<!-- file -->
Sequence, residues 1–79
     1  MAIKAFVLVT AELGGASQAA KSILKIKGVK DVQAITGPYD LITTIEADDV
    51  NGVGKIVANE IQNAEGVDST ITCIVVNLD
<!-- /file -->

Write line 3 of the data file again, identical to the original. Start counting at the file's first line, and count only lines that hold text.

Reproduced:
    51  NGVGKIVANE IQNAEGVDST ITCIVVNLD